Released: 2015, Inverse Records
Reviewer: Metal-Rules.com UK Team
Formed in 2008, Amanita Virosa are a symphonic death metal band describing themselves as “hospital metal”, which is probably a first in the metal world. Asystole is their debut album and fitting with the title they promise it to be “nine tracks of heartstopping brutality.”
The first track “Vita a Mortram” opens with a pleasant folky melodic guitar passage backed up by some classic symphonic synth strings. At just under two minutes this is just the album's intro and it gives a promising impression of what's to come. It flows into second track “My Slightest Hope” where some fast paced death metal guitars are unleashed. The symphonic keyboards in the background add some extra emotion, which alternates with some nice piano. The third track “...Of Failing” has a melody that sounds like “Phantom of the Opera”, which is combined with the aggressive guitars and drumming to create something even more dramatic. Towards the end of the song the guitars become more melodic and there's one of the genre's classic guitar solos.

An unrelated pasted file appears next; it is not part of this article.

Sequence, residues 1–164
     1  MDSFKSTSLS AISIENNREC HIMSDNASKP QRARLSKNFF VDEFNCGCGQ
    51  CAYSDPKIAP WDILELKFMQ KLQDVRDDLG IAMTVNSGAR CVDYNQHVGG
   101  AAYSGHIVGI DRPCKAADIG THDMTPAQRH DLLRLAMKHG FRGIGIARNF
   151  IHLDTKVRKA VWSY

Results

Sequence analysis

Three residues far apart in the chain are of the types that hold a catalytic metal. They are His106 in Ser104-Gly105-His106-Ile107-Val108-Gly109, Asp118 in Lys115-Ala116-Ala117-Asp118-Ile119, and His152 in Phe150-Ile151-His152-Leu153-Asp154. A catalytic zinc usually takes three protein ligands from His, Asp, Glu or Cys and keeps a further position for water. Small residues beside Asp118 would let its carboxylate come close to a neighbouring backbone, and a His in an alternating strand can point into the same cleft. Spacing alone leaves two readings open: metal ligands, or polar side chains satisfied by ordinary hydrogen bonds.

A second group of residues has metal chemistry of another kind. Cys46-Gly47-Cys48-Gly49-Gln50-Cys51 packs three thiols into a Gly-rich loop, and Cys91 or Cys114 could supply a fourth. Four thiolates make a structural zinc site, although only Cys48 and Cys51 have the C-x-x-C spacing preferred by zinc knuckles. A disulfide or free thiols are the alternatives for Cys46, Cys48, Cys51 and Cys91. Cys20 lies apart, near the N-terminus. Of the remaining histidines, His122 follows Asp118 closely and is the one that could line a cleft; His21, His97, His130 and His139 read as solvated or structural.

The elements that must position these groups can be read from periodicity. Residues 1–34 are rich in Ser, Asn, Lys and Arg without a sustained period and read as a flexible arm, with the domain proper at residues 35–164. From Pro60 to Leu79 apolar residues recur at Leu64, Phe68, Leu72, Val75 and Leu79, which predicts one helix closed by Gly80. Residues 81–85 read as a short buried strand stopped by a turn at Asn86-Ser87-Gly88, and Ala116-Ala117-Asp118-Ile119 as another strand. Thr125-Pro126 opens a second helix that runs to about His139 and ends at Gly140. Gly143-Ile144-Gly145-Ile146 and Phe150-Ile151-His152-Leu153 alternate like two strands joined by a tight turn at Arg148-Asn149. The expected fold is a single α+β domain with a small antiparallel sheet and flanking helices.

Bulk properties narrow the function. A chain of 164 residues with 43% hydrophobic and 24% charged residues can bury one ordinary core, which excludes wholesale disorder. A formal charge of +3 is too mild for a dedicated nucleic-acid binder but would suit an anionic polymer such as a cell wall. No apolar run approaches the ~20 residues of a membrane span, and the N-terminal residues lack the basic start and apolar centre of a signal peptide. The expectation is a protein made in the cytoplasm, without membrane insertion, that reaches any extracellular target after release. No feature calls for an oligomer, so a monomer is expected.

What's good about this album is that it's not just metal with some keyboards stuck in the background, and it's not just a load of keyboards with some guitars shoved in the mix. Both sides of the instrumentation are racing neck and neck with their power and intensity, thought has been put into both. There are a lot of infectious melodies weaved into the compositions that do their own thing as well as become part of the overall picture.
One of the best tracks is “Mental Failure” starting with it's darkly creeping piano and building into an uneasy and aggressive track that progressively gets more intense. “Suck The Poison” has to be the highlight album with the most interesting structure shifting between death metal riffing and gentle melodic passages. The chord progressions and rich keyboard backing give it an epic feel, even more so with the guitar solo towards the end.
If this is hospital metal, it's most certainly the A&E department and I might even consider phoning an ambulance. Overall it's a fast paced and stimulating listen by a band that can step up to the mark with all elements of the composition creating something that's exhilarating and emotional.
By Jacob Ovington